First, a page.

A U.S. Army officer who tried to access the Southern Baptist Convention's website on a government computer says he instead received a message indicating the site was blocked "due to hostile content."
According to a press release from the American Family Association, a group the officer informed about the incident, the message said SBC.net was being blocked by "Team CONUS," the Continental US Theater Network Operations and Security Center and Regional Computer Emergency Response Team.
A Defense Department spokesperson said in an email to The Christian Post that the block is not intentional, and the department is working to solve the issue "as quickly as possible."
"The Department of Defense strongly supports the religious rights of service members, to include their ability to access religious websites like that of the SBC," the statement reads. "With Internet technology constantly evolving, the Department is working to ensure that service members have access to an open Internet while preserving information and operational security."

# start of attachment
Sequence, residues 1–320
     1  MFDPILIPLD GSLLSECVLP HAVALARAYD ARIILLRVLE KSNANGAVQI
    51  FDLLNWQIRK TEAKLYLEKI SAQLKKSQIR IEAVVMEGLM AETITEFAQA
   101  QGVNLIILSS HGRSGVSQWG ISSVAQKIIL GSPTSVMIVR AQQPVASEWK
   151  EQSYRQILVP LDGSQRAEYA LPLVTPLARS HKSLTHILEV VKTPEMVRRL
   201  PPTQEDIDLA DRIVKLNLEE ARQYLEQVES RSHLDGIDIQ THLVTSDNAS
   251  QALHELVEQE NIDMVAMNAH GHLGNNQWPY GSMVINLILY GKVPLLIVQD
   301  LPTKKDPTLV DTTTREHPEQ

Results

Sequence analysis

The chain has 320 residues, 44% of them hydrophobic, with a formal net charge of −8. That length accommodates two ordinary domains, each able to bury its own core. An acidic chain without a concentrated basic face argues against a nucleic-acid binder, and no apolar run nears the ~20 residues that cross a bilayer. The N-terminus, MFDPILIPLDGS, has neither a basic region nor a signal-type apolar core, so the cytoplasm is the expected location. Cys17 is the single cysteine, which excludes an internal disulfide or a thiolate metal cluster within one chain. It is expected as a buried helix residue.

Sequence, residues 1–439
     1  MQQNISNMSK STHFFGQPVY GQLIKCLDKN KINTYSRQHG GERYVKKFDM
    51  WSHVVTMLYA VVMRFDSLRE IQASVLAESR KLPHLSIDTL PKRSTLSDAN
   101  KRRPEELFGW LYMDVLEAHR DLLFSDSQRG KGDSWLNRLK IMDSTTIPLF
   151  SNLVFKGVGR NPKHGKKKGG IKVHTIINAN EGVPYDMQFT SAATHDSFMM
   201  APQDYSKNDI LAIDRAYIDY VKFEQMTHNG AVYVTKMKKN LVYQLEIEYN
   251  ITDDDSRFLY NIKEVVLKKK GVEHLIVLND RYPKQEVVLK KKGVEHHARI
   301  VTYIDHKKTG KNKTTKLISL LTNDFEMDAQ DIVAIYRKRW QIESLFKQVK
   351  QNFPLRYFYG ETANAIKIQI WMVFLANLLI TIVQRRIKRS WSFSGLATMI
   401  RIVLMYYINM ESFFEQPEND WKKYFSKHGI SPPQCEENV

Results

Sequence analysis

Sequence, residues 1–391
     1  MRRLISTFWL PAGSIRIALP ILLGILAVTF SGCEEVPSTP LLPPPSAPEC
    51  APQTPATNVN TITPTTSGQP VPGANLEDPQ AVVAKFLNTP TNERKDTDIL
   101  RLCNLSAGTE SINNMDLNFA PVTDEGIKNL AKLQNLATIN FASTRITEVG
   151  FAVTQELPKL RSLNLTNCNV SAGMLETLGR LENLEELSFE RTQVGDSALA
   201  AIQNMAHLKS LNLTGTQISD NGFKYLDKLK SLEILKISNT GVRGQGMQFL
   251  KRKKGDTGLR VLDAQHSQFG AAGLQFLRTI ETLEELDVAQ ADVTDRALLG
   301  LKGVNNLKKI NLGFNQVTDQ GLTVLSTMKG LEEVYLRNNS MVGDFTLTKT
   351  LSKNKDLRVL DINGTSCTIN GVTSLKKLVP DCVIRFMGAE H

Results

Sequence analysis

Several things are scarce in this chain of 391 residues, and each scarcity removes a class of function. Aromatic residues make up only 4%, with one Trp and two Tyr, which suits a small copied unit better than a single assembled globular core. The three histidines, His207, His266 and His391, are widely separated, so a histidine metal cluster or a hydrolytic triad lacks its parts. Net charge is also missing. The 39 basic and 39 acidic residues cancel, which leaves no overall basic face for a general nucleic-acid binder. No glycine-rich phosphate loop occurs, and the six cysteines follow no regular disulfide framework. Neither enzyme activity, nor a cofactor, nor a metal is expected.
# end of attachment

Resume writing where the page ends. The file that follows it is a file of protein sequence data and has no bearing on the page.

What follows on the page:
The spokesperson also said in a phone interview that the site was not blocked for all personnel, but only for those at certain military installations, and that a number of factors could have contributed to the problem with the automated Internet filters.
Roger S. "Sing" Oldham, vice president for convention relations for the SBC, told CP via email that the situation is "deeply disturbing" despite the government's assurance that the block was not set up intentionally.
"While the Defense Press Operations office of the US Army has assured us this is a random event with no malicious intent, the Army must run this to the ground to assure that this is the case," wrote Oldham. "If the government blocked any portion of the SBC.net Web site for any purpose, that would be an unconscionable breach of trust with the American public. The First Amendment exists to protect the church from governmental censorship of or infringement upon religious speech and the free exercise of religion."
Earlier this month, Rep. Randy Forbes (R-Va) said he has been monitoring religious discrimination complaints from service members for the last four years.
"It's been a steady attack on faith and religious freedom that we've seen in our military like we've never seen before," Forbes told Fox News. "We are getting a lot of calls from soldiers saying 'we're afraid of going to church, we're afraid to be seen praying, we're afraid that would hurt our careers, our promotions.'"
Forbes also questioned Defense Secretary Chuck Hagel about a number of military-related religious liberty issues during a House Armed Services Committee meeting earlier this month.